Recognizing Bullying Prevention Month

October is Bullying Prevention Month and this week is Mental Health Awareness Week. These two commemorations present an opportunity for us to raise awareness and stop bullying in our schools while considering the ways in which bullying contributes to the youth mental health crisis across the country.

Throughout my time in public service, I have prioritized the expansion of mental health services for children by meeting them where they are – in schools. 1 in 5 high school students reported being bullied in the last year, and 1 in 6 reported being cyberbullied. Victims of bullying not only experience worsened mental health, but they are also more at risk of depression, anxiety, sleep difficulties, lower academic achievement, and dropping out of school.

That’s why in 2022, I helped lead the passage of the Bipartisan Safer Communities Act, which is providing health care services for students and promoting better coordination between federal agencies to ensure access to affordable, high-quality care. As co-chair of the Senate Finance Committee’s Youth Mental Health Working Group, I worked to include a provision in this law to increase resources for telehealth services, in addition to in-school services, so that students can get the help they need, when they need it most.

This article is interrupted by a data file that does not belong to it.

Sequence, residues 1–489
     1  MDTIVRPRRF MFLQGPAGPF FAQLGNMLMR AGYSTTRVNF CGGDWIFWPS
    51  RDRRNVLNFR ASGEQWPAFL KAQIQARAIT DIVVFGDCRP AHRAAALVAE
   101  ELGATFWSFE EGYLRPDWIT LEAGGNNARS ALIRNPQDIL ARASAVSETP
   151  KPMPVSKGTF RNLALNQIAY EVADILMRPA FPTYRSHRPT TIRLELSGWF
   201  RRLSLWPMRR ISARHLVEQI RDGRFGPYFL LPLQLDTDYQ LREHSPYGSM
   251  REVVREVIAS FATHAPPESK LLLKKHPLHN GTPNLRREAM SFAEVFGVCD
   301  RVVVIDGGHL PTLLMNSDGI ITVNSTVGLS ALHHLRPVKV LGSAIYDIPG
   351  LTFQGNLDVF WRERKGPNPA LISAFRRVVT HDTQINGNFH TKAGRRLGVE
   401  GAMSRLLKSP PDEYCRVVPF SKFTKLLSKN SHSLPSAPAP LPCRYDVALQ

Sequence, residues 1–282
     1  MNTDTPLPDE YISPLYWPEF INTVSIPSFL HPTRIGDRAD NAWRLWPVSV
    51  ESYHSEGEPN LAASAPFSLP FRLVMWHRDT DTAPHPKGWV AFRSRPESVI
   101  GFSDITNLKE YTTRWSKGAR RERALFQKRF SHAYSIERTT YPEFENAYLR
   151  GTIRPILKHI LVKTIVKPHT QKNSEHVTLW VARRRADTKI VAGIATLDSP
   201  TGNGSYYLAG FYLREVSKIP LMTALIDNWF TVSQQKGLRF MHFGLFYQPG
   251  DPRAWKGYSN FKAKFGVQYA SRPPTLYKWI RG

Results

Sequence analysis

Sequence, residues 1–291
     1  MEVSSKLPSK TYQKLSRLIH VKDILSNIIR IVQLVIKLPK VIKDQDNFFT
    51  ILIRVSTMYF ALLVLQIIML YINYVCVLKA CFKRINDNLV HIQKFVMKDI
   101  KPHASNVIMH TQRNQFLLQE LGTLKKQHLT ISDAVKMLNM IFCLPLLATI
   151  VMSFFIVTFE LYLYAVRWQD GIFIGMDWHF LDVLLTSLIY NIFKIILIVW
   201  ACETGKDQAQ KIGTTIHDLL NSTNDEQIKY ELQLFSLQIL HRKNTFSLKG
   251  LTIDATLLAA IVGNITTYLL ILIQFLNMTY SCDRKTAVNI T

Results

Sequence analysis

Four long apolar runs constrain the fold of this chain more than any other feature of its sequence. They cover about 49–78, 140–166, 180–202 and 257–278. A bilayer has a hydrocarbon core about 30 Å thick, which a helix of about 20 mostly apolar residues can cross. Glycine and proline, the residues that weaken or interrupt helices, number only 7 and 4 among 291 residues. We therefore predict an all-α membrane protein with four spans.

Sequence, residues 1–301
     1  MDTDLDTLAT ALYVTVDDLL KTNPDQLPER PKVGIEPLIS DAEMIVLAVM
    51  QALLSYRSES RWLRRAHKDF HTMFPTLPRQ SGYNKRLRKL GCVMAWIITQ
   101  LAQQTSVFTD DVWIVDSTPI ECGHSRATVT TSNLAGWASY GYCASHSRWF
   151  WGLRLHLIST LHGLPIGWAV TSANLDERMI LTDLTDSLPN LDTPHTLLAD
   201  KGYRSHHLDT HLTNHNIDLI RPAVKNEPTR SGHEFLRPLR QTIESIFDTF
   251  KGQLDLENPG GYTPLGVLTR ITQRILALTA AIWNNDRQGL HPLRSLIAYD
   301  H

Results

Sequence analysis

I’ve also fought to make sure students in Delaware can access mental health services to prevent the causes and outcomes of bullying. Last year, Senator Coons, Congresswoman Lisa Blunt Rochester and I joined U.S. Department of Education Secretary Dr. Miguel Cardona to announce $4.8 million dedicated to expanding mental health services for K-12 students in all Delaware schools. This funding applies to schools like Eisenberg Elementary, which was the first elementary school in our state to have a wellness center.

I’ve long believed that we should bring services right where our students are – even going back to when I was Governor, when I led the initiative to put a nurse in every public school and a wellness center in every public high school. During that time, I also established the Family Services Cabinet Council which, to this day, helps to coordinate better mental and physical health care coordination for children and families in the First State.

Every day I live by the Golden Rule: “Treat others the way you want to be treated.” This month especially, remind your friends and family to be kind to one another. No one should fear going to school, or sacrifice their education, because of bullying.


Tom Carper